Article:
Media Theory for the 21st Century

February 15, 2008

Embodiment in Performance Art Systems

Filed under: Discussion,General,New media art — mkontopoulos @ 5:46 am
Tags: , , , , ,

Ok, now that all has been fixed with my author status, I can re-post my entry from last week. Sorry it wasn’t up on time:

This week’s readings presented multiple ways of considering issues of embodiment; physical and virtual spaces, avatars, notions of absence or mediated removal, the physicality of pre-cinematic devices are a few that come to mind. I found it difficult to generate an overarching thesis that was any more focused than generally agreeing that new media and digital technologies change the way we perceive our bodies and our roles and relationships to space and one another (not to mention, art).

I’d like to present two new media art works that I believe, serve as interesting compliments to one another, and will probably generate some interesting class discussion as a result. The first piece Very Nervous System, is a performance system developed in the early 90s by the celebrated media artist David Rockeby. Our classmates that study dancing will no doubt find this interesting; assuming they haven’t seen it already. In VNS, the bodily gestures of a participant are observed by a camera and translated in real-time, to a generative musical composition with a slight amount of randomness. On his website, Rockeby cites a variety of inspirations for developing this system: “Because the computer is purely logical, the language of interaction should strive to be intuitive. Because the computer removes you from your body, the body should be strongly engaged. Because the computer’s activity takes place on the tiny playing fields of integrated circuits, the encounter with the computer should take place in human-scaled physical space.”

The second and arguably more provocative piece, is the performance Ping Body, by Australian performance artist Stelarc (1996). This performance makes clever use a system built by Stelarc that manually actuates the muscles of the performer (Stelarc) based on impulses from a remote audience. In the Ping Body performances, the input is supplied not by a remote audience but by the flow of data itself: internet traffic. In her book Digital Art, Christiane Paul writes that “allowing the body to be controlled by the machine, Stelarc’s work operates on the threshold between embodiment and disembodiment, a central aspect of discussions about the changes that digital technologies have brought about for our sense of self” (167).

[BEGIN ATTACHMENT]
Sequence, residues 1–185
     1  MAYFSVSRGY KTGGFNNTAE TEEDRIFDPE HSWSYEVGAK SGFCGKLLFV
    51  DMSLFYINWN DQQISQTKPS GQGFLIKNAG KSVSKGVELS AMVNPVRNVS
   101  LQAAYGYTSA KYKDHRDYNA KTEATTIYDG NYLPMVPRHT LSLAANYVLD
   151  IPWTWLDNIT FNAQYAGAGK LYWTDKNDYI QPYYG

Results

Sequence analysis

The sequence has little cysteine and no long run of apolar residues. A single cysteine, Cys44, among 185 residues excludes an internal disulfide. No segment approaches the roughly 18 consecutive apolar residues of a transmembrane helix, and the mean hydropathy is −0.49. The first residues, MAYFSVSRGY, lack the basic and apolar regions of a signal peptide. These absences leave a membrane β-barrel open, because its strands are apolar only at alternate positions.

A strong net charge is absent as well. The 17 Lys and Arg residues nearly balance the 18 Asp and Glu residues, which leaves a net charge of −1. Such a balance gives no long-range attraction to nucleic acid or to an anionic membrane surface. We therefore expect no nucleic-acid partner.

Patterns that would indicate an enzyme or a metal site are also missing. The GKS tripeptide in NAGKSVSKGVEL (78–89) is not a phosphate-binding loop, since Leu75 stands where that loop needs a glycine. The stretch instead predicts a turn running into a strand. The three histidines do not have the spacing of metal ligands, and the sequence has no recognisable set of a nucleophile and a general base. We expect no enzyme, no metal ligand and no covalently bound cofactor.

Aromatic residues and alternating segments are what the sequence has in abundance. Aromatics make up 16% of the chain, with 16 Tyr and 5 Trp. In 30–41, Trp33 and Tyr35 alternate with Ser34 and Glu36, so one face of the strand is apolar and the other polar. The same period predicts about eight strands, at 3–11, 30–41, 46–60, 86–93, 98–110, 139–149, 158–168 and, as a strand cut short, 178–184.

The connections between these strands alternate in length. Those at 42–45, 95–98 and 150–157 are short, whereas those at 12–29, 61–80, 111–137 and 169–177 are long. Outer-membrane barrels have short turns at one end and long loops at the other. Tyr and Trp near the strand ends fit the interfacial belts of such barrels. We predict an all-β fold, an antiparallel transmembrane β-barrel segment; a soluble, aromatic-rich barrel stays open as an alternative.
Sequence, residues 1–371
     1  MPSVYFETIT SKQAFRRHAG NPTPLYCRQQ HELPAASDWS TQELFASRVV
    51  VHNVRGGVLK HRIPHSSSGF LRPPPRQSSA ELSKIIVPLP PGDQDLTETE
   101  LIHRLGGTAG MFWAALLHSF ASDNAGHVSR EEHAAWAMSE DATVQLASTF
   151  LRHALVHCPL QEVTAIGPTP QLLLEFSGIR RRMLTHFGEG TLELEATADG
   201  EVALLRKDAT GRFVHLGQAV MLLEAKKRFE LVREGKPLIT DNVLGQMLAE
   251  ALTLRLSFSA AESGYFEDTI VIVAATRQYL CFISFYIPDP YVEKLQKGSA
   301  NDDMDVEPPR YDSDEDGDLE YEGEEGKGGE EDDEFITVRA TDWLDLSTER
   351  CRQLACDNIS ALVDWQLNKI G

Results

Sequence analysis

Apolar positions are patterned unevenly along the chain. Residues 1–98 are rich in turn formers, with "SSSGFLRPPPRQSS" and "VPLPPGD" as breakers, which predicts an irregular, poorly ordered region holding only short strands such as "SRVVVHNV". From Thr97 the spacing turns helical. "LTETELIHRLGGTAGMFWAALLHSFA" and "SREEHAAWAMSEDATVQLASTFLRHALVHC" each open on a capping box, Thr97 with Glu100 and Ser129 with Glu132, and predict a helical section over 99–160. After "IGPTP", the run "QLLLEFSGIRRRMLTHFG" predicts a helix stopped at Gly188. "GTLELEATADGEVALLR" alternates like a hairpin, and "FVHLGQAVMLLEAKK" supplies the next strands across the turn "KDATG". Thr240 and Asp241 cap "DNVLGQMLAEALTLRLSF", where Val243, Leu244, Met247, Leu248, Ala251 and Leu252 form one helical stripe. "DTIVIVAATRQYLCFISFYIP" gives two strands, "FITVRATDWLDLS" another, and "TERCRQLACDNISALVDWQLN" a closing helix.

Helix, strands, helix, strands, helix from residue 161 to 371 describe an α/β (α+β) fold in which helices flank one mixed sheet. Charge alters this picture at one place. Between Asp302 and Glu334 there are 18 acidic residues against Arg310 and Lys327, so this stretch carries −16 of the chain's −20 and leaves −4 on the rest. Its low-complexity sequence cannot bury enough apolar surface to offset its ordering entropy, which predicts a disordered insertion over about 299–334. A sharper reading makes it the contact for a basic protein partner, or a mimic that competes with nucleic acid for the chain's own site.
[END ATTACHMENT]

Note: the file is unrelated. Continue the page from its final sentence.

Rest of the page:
I’m interested in the relationship between these two very different works. Rockeby’s piece uses the body as an input device – an organic, impulsive and completely unique physical presence that gets outputted to pure information and pattern, but done so in a way that defies a recognizable pattern and assumes an organic appearance. Conversely, Stelarc’s performance uses pure data as its input, acting upon and subverting the agency of once unique physical body. In doing so, the data transforms Stelarc’s actions into a programmed and therefore, recordable and repeatable format.

As a class, I think it would be great to discuss Mark Hansen’s proposal that framing new media in terms of cinema (Manovich) denies the polymorphous potential of digital data. He doesn’t offer many examples of alternatives in this particular chapter, aside from agreeing that many digital art projects move towards the traditions of pre-cinematic devices in their necessity of physical participation and interaction. According to Hansen, “with the flexibility brought by digitization, there occurs a displacement of the framing function of medial interfaces back onto the body from which they themselves originally sprang”.

I’m also interested in discussing Kate’s theory of pattern/random vs. presence/absence and how emphasis on information technology privileges the pattern/random dialectic. This could be an interesting context to discuss and critique performance related works like these two. “The pattern/randomness dialectic does not erase the material world; information in fact derives its efficacy from the material infrastructures it appears to obscure. This illusion of erasure should be the subject of inquiry, not a presupposition that inquiry takes for granted” (28).

Very Nervous System:

Ping Body (the website is hideous, sorry)

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